On the cusp
As my longest year draws to a close, On the cusp, awaiting rebirth, I am walking the path of my new life. I sense an intense, familiar, “cleaning-out” energy. It feels good.
I write to Karl in my journal in early December 2016:
With the big rubbish bins outside Rose’s house, I can easily recycle papers – and other stuff. I like the idea that I will soon be a woman without “attachments”. I really mean that!
I am done with schlepping my belongings back and forth.
A great sloughing off is about to happen for me.
I am eager to begin.
I visualize living a writing life in Vancouver.
In late 2016, I write again to Karl:
I see a small flat in Vancouver’s West End. I see love and kisses and cuddles and reading the weekend newspapers with a new partner. It feels healthy to me: putting flesh on the bones of my vision.
I begin the massive job of decluttering my space in Rose’s house, emptying the boxes I have hauled from Nimbin, and giving away things I cannot take to Canada with me on the plane. As I sense my energy shifting for a new season, I admit to Karl that I still have trust issues. Some days I am so frightened that I struggle to get out of bed.
Karl adored everything about Christmas: decorations, lights, a tree, a classic Bavarian dinner… everything… Our last Christmas together saw me returning from a disappointing business trip to find the whole house decorated, the tree decorated with wrapped presents under it, the fridge bursting with German Christmas goodies: stollen, liverwurst, paté, chocolates… In my childhood, Christmas was a painful time, and I was a bit of a Christmas-phobic until I met Karl. I quickly entered into the spirit of Karl’s Christmas magic and healed some of my childhood wounds along the way.
For Christmas in the sub-tropics, of course, the dress code is different from that in Canada or Germany! Fur-edged shorts were the go!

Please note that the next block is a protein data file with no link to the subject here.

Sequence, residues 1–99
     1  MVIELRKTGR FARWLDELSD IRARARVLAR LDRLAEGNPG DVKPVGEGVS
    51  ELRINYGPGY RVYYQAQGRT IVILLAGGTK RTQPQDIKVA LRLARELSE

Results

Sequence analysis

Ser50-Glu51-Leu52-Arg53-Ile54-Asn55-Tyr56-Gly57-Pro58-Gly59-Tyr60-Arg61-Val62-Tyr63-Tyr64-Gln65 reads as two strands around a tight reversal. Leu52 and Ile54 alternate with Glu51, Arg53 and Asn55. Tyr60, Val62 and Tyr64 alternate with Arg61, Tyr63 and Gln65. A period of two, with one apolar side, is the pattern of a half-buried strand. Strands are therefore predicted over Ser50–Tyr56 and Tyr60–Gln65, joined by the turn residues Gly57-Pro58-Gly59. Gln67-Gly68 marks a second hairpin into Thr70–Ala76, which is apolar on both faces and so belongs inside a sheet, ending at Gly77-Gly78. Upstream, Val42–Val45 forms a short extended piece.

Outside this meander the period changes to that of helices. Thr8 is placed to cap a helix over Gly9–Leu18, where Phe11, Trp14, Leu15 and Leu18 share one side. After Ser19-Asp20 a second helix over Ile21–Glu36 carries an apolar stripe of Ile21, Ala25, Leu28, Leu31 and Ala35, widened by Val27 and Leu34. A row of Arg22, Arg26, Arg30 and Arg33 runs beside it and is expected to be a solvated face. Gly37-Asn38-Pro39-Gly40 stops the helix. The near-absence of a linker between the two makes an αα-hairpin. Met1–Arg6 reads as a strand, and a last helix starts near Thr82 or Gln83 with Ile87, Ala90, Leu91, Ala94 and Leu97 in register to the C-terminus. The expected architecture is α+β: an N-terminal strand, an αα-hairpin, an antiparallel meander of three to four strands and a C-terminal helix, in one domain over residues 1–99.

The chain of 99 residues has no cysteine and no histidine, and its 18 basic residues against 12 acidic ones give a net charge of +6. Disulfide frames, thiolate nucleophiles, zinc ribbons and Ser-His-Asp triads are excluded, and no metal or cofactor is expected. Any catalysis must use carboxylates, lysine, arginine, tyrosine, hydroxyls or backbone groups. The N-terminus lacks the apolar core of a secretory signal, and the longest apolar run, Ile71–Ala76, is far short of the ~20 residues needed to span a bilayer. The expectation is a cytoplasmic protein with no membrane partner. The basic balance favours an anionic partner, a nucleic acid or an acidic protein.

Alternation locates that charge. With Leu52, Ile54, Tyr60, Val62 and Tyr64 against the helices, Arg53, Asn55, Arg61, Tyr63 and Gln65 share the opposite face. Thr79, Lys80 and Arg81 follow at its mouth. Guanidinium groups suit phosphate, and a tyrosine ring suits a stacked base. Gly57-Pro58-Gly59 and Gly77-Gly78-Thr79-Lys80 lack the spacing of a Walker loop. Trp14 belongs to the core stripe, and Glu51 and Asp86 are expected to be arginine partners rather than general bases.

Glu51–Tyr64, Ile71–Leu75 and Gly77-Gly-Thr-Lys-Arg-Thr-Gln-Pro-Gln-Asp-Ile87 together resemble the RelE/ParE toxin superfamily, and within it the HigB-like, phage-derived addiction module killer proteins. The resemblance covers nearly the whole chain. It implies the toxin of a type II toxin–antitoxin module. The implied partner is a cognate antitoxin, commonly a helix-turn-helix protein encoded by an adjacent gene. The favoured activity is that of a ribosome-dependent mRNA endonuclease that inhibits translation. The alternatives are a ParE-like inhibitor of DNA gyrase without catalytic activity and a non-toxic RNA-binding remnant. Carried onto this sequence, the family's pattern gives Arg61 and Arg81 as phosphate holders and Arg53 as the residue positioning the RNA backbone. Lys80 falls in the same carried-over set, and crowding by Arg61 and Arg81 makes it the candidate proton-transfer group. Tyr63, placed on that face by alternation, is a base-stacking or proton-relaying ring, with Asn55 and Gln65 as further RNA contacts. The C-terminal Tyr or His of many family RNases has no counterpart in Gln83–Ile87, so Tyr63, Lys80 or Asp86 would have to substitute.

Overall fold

And my Gypsy lover adored baubles and trinkets! Especially at Christmas.
In our stylish modern house, I’d often find new crystals, baubles and tiny, glittering wind chimes hanging in a window, on the deck, or hanging with the pots and pans in the kitchen. Guerilla trinkets. Karl would collect them at the thrift shop in Lismore, where he worked as a volunteer and he’ hang them when my back was turned.
At Christmas, I simply had to surrender my aesthetic stringency and get with the program: Karl’s Christmas program. Every string of kitsch, blinking multi-coloured, frosted lights and every garish, glittering garland for sale at the thrift shop, Target or the supermarket festooned the decks of our house.
And then there was our Christmas tree. For years we debated about the proper approach to hanging tinsel (Lametta in German). I favored carefully laying it on the tree branches, delicately, a single strand at a time. Karl preferred to throw handfuls of Lametta at the tree from across the room.
And no Christmas Eve lunch would be complete without a noisy kookaburra monitoring proceedings from the deck railing!
My first Christmas alone
Now I am living in Brisbane and facing my first Christmas alone. With no Karl to set up and decorate my tree, I improvise. I buy a Christmas card and an anniversary card for him.
On 17 December 2016, I host a lunch in Brisbane to celebrate our 22nd wedding anniversary, trying not to feel embarrassed or self-conscious. I tell my friends I have dodged the PTS bullet; I am going to be okay, but it will take a little more time. While my energy levels are still low, I nevertheless imagine that I have crossed a wide river. I celebrate my courage.
By December 2016, I finally begin to accept the reality of Karl’s help. His comfort, reassurance and guidance color everything I do. The forensic examinations for my injury compensation case continue. I fly from Brisbane to Sydney to be assessed by doctors and psychiatrists. I am not hopeful, but I persist.
I start writing a new book: this book.
I accept a Christmas gift from a dear friend: a “float” in a new float tank spa a few streets away. That is a huge mistake. I suffer a shocking, dramatic PTS attack inside the float tank and run screaming from the building.
My Christmas and New Year’s holiday at the beach with Rose Gardener is filled with anticipation. Rose, a wise Sufi scholar and practitioner, has much spiritual wisdom but is hesitant to share it. I beg her for answers.
A crash course in love
As 2016 — the longest and darkest year of my life — draws to a close, I acknowledge that I’ve been enrolled in a crash course in love. Karl explains that I came into this world to touch many lives. Together we begin to flesh out our vision for a book about the conversations we have shared since his death (for nearly a year). I now see my whole life as a gift and our shared Nimbin adventure (including the house building) as an incomparable treasure.
I eagerly anticipate the sunrise of the New Year — and my new life